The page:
At his best, Sanders succeeds in separating policy from politics and getting to those deeper discussions about the role government can and should play in solving real-life problems– discussions that are usually obscured by partisan maneuvering. That’s the genius of Sanders’s independent status. But it is also a source of frustration. While Sanders backers formed the Vermont Progressive Party, a third-party grouping that holds six seats in the State Legislature, he has never joined the party and has sometimes been slow to embrace its statewide campaigns. While the sense that Sanders is a genuinely free agent serves him well, it raises questions about whether Sanders will ever create not just an alternative candidacy but an alternative politics in his state. “He will not leave a party behind him. So what will be his legacy?” asks Freyne of Seven Days. “I don’t see a next Bernie on the horizon. I don’t see what comes after him. There’s a lot wrapped up in one man, and I don’t know where that gets you in the long run.”

    But Sanders makes no apologies for refusing to be a party man. Yes, of course, he’d like the Democratic Party to be more progressive and for third parties to develop the capacity to pull the political process to the left. But Sanders is not going to wait for the right political moment to arrive. What he’s done is create a model for how an individual candidate can push beyond the narrow boundaries of contemporary politics and connect with voters in the same sense that Progressives and Populists of a century ago–operating within the shells of the Democratic and Republican parties and sometimes outside them–did so successfully.

    ai-yi-yi. i must rant. why should sanders have to leave a party to leave a legacy? his unreconstructed individualism is charming. the man stands for himself. people like and appreciate that in almost anybody and especially in politicians. a party? what do parties stand for? mostly, their own ongoing existence. at any given moment, a party might have a general drift — towards theocracy, say, or corporate welfare. or a party might be a confusing morass of many different opinions and no center. evaluating a party by its platform tells you nothing: who could imagine, reading the RNC platform, that there would be such a group as Log Cabin Republicans? is evaluating a party by its inner circle power brokers any more useful in assessing what a party stands for? the value of political parties lies in certain advantages for their members in furthering their common agenda through pooling resources, power, etc. but once a party is too big to reflect any common agenda for all its members, and has significant disagreement on major policy points among its members, then its continued existence becomes just an exercise in maintaining its own power. so bernie sanders doesn’t do party politics, but manages to get things done, stick to and voice his opinions, and he’s wildly popular. hmm. i think there’s a lesson there.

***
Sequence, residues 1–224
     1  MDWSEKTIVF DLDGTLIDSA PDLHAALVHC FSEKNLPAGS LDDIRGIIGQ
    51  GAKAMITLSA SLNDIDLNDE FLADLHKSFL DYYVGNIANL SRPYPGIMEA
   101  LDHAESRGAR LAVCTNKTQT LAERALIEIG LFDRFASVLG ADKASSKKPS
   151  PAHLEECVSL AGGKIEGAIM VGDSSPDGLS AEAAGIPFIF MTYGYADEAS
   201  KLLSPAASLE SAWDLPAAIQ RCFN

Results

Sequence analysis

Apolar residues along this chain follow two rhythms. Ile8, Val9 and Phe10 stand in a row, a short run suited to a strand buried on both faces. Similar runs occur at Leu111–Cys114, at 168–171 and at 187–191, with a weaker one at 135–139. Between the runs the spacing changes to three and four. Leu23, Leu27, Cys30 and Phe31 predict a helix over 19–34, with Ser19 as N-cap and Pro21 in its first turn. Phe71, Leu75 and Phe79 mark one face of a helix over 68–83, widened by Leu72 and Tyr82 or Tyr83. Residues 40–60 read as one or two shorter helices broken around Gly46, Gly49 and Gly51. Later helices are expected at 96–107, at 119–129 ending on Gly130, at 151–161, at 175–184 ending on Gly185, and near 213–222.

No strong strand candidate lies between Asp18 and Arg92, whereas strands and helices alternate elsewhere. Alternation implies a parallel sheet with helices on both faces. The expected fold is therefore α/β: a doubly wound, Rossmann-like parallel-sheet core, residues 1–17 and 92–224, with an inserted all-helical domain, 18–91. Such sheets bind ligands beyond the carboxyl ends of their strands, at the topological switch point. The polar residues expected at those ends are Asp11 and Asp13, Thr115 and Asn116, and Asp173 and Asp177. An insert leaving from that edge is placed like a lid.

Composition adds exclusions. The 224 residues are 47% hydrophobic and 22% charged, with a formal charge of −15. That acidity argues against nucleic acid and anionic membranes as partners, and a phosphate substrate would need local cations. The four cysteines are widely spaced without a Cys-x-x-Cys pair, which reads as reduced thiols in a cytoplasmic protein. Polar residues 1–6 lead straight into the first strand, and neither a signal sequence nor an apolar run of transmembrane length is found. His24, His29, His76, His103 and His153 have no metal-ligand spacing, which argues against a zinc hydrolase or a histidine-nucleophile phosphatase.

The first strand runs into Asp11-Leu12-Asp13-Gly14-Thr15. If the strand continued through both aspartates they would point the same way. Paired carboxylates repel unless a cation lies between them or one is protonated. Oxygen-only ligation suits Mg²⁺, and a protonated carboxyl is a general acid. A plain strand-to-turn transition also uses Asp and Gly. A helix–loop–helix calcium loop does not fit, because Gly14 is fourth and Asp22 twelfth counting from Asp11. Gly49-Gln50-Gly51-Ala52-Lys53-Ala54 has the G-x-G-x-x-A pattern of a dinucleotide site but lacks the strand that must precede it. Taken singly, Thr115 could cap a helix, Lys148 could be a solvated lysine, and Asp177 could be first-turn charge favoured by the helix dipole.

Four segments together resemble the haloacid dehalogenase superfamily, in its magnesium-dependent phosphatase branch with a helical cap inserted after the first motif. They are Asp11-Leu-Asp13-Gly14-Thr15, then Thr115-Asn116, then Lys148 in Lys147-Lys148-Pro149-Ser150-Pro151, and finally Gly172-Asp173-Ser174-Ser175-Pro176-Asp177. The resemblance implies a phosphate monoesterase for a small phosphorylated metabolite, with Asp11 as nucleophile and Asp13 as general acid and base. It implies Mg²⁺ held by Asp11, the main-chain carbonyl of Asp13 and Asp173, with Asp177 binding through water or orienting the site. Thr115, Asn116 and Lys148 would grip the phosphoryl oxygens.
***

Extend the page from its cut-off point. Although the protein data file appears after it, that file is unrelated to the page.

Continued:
• Digby, Shameful Indifference, 2005/8/14:

    Memo to those on the right who say the Left supports Islamic fundamentalists: we’re the Godless Heathens, remember? We’re against the religious zealots running governments across the board. Of course, that includes your “base” here in the US too so you’ll have to pardon us for our consistency and ask yourselves why we find you incoherent on this matter.

    Such a useful point. Get rid of the rhetorical labels (“left”, “liberal”, “Republican”, “Islamist”, “Democrats”, and all the various pejorative quasi-puns that conservative blog commenters think are so funny, e.g., “Dims”) and look at specific positions. State control of the press. State control of individual’s sex lives. Specific state positions on individual’s sex lives: same-sex okay or not? Protection of natural resources: important or unimportant? up to the state or the private sector? … and so on. For instance, who’s opposed to non-marital sex, same-sex relations, immodesty in women, indecency on the airwaves; and supportive of patriarchal households, tending to form personality cults around strong authoritarian leaders, pro-military/violence, pro-government entanglements with religion. With so much in common, I guess I should be happy that Islamic and Christian fundamentalists don’t get along better. Hooray for doctrines & deities!

interesting reading, early saturday morning

Up early for my spouse who caught a red-eye. Now she’s resting peacefully and I of course can’t get back to sleep. But that’s okay, because there’s the Internet!

  • Positive outcomes of BlogHer: Mary Hodder at Napsterization is establishing a Speakers’ Wiki.